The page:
Washington Post readers, please see update at the end
In the past five years, the FHA mortgage became the go-to option for home buyers looking to purchase a home with a small down payment. At the closing table they signed FHA loan documents with lines and lines of small print, and that small print is still in effect now that they (or you) plan to sell their home.
Do you have a FHA mortgage?
My personal mortgage statement does not tell me the type of loan I have on my home in Vienna, VA. It does tell me how much I need to pay, the tax and insurance escrow balances, payment history, and where to send the payment. But knowing you have a FHA mortgage is crucial information of you plan to put your house on the market or are negotiating an offer.
Because you will need to make sure and close (or settle) well before the end of the month so that your lender receives the payoff before the beginning of the next month.
FHA lenders shall collect a whole month’s worth of interest if they aren’t paid before the first of the month.
The fine print really stinks if you haven’t been reminded that your loan is an FHA Insured mortgage. In my opinion, the FHA should be ashamed of itself for allowing this fine print or trap to exist because it harms the home seller when they are most vulnerable.
Yes, your lender will collect a whole month’s worth of interest if they aren’t paid before the first of the month. If they get the payoff on April 2nd, then they collect interest for the entire month of April.
Sorry Charlie, they don’t pro-rate that amount from the date of the closing to when they get paid… they get a whole month’s worth of interest! It’s a dream come true, pure gravy because that fine print signed when you bought the house.
Here is my home seller tip: contact the company that holds your mortgage and ask if you have a FHA, Conventional or VA loan? They are only going to tell you, not your real estate agent. And don’t expect your title or escrow agent to tell you either… although the payoff instructions will tell them what to collect.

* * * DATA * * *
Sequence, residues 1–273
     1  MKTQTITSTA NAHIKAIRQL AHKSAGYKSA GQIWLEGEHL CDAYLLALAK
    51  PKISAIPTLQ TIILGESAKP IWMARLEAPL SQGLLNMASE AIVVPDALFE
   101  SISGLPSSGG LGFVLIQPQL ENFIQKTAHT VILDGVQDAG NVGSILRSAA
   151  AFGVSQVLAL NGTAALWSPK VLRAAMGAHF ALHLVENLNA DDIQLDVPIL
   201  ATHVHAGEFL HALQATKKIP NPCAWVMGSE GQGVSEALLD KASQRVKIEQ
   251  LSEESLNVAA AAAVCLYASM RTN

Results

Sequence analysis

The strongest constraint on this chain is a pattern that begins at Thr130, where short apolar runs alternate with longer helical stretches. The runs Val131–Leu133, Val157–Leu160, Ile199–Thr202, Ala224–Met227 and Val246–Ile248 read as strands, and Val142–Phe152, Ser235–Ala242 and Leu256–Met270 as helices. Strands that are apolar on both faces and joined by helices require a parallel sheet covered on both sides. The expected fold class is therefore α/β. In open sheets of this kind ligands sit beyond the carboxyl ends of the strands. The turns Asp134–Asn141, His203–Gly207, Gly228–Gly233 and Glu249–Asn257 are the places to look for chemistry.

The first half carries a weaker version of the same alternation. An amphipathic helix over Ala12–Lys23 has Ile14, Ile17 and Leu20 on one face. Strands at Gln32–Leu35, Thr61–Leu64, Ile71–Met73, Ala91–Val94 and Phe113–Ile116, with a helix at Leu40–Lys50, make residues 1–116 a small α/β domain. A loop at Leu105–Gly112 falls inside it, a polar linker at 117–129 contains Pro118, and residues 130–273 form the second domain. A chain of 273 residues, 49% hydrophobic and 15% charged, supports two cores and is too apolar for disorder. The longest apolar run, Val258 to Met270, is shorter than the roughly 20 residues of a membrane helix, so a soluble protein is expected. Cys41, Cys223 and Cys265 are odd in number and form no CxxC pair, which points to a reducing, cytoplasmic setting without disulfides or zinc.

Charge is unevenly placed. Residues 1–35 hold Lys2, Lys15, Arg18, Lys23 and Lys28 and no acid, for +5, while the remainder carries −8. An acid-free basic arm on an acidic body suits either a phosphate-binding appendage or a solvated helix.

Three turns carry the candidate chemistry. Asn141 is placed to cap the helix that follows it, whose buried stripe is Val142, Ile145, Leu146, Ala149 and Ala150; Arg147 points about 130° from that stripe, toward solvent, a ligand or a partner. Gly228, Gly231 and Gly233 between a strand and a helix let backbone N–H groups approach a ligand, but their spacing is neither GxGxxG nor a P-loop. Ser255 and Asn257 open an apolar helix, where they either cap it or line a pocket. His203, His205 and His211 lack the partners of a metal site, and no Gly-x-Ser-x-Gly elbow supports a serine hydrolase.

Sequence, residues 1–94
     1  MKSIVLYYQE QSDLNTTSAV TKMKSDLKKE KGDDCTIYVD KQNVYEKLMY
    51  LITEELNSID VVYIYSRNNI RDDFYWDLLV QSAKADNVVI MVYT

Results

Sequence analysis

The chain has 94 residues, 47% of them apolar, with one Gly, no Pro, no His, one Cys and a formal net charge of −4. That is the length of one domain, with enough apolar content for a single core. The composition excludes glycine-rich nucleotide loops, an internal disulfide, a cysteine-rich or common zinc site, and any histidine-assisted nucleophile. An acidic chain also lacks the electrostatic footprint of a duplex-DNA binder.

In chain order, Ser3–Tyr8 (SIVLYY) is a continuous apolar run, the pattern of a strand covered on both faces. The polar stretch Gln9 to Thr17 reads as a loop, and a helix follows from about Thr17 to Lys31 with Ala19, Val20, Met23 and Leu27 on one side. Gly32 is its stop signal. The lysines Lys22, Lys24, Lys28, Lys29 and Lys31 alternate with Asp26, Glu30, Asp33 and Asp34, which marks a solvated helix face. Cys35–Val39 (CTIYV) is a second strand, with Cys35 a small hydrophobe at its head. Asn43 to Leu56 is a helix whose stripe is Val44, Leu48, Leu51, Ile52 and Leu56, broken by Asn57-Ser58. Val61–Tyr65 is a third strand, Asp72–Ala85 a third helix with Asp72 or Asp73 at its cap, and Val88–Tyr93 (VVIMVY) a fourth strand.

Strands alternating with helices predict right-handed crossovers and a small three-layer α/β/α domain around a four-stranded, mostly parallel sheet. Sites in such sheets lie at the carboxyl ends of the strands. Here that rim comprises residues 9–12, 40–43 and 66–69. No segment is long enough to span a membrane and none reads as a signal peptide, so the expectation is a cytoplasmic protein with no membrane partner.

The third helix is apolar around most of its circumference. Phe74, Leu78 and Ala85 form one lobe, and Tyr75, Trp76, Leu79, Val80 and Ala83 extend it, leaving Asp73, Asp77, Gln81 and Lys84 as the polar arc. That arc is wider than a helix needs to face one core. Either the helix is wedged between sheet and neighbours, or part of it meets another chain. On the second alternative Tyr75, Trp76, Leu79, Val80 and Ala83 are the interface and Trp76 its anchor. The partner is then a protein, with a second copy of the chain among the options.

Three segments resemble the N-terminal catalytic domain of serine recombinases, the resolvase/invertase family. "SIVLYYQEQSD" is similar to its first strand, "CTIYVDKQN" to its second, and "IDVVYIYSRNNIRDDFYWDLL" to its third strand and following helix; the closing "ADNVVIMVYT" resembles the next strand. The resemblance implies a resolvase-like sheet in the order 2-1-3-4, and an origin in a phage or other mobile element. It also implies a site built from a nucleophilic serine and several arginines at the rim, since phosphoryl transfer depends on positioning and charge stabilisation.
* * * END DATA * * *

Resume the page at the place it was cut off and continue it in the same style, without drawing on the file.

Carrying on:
If you do have a FHA mortgage and you are selling your home, schedule the closing a week before the end of the month to ensure your documents get recorded at the courthouse and the payoff is sent to your lender by the end of the month.
A day late is gonna cost you a month’s worth of interest.
UPDATE: If you just read about this in the newspaper or online in an article by Kenneth R. Harney, please know that his advice is a little off the mark. Your lender needs to get the money before the first of the month and they don’t get it until the deed has been recorded at the courthouse, and deeds usually get recorded the day after your closing. My advice is to bank in one week before the end of the month to close to ensure your FHA lender gets the money before they can
rob you of collect next month’s interest (see above).
- Planning to go for an FHA Loan? (dougfrancis.com)
- Amy Hoak’s Home Economics: Higher costs ahead for FHA-insured mortgages (marketwatch.com)
- 5 Reasons People Want a House in Vienna (dougfrancis.com)